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Neiman Marcus files for IPO

June 24, 2013: 11:36 AM ET

<> on March 3, 2009 in Chicago, Illinois.Retailer Neiman Marcus files for an IPO, but its future plans remain far from settled.

FORTUNE -- Luxury retailer Neiman Marcus today filed for a $100 million initial public offering, seven years after being taken private for $5.1 billion.

Two important caveats: (1) This doesn't necessarily mean that the Dallas-based company will go public; (2) And if Neiman Marcus does go public, it is highly unlikely to raise as little as $100 million.

On the first point, it has been no secret that the company's private equity owners -- TPG Capital, Warburg Pincus and Leonard Green & Partners -- have been vacillating between a public listing and a sale to the highest bidder.

For example, there were informal discussions last month about selling Neiman Marcus to Kohlberg Kravis Roberts & Co. (KKR), which then would also buy Saks Inc. (SKS) and merge the two. And Warburg Pincus is no stranger to dual processes, with portfolio company Bausch & Lomb filing for an IPO in March before agreeing to be acquired two months later by Valeant Pharmaceuticals (VRX).

Also worth noting that the Bausch & Lomb IPO filing also was for $100 million, even though the Valeant deal values the company at 8.7 billion. Hard to imagine that it only was planning to float 1% of its shares via IPO. If Neiman Marcus does go public, expect it to follow the lead of a fellow PE-backed company like SeaWorld Entertainment (SEAS), which filed for a $100 million IPO before ultimately raising more than $700 million.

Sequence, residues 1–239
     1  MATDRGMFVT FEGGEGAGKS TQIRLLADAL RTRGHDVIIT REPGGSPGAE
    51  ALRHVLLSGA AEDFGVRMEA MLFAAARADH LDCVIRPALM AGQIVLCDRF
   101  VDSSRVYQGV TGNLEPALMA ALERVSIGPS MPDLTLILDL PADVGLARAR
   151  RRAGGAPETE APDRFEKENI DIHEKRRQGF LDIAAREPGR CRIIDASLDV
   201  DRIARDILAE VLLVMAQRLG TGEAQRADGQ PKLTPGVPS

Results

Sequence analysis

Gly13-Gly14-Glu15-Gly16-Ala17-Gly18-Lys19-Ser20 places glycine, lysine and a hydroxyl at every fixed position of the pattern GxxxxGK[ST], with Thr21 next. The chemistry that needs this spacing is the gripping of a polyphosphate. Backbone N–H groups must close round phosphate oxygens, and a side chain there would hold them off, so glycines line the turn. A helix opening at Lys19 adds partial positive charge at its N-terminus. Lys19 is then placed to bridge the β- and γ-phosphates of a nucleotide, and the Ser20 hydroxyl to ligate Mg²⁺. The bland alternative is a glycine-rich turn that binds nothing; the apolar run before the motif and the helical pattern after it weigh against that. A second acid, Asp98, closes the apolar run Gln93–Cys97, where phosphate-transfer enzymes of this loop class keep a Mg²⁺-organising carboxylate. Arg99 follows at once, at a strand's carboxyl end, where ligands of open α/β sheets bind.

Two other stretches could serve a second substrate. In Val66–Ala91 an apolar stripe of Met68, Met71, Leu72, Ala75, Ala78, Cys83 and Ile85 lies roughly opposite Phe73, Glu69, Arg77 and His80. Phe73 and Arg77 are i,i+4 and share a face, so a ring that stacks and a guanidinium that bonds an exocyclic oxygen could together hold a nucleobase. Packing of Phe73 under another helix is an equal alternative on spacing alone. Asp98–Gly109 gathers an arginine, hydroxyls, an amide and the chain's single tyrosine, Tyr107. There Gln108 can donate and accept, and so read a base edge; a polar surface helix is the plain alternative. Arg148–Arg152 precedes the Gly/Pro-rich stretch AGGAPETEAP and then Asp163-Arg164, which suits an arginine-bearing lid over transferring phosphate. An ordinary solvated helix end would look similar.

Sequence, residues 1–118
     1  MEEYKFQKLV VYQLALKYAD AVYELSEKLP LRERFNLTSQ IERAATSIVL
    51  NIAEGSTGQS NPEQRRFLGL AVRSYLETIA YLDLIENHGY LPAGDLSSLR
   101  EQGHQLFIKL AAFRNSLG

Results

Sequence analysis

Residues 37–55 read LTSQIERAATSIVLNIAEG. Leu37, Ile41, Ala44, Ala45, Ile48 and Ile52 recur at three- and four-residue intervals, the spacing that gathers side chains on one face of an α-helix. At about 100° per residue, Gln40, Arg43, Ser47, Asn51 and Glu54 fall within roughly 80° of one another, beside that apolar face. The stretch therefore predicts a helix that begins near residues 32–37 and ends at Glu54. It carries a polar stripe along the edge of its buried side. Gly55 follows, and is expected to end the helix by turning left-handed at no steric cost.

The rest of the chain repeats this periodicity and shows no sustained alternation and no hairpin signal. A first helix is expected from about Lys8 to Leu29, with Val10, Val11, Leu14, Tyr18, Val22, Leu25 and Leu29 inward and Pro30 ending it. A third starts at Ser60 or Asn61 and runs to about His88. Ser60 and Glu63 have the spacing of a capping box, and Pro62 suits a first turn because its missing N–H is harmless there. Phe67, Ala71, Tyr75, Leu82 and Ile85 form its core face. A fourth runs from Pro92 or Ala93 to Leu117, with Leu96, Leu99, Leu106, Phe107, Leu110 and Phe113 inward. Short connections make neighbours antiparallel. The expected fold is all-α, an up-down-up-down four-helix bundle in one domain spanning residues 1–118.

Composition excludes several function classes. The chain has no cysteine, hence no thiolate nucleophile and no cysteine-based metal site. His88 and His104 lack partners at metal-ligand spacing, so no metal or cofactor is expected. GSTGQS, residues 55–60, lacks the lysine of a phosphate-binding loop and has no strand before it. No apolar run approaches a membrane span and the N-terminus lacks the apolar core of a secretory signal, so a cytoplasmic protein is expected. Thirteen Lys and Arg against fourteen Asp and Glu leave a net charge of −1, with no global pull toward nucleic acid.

Neiman Marcus reports three straight years on increasing profit and revenue, including $140 million in net income on $4.3 billion in sales for the fiscal year ending July 28, 2012. The 36-week period ending April 27, 2013 also comes in higher on both counts than the year-earlier period.

The last full year before private equity ownership, Neiman Marcus reported $248 million in net income on $3.7 billion in revenue. One explanation for the profit discrepancy is a major increase in long-term debt -- from around $250 million before the buyout to approximately $2.7 billion today. During its last fiscal year, Neiman Marcus paid around $175 million in interest on its loans.

Neiman Marcus did not list which exchange it plans to trade on, but did say that Credit Suisse (CS) would lead the offering.

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Dan Primack
Dan Primack
Senior Editor, Fortune

Dan Primack joined Fortune.com in September 2010 to cover deals and dealmakers, from Wall Street to Sand Hill Road. Previously, Dan was an editor-at-large with Thomson Reuters, where he launched both peHUB.com and the peHUB Wire email service. In a past journalistic life, Dan ran a community paper in Roxbury, Massachusetts. He currently lives just outside of Boston.

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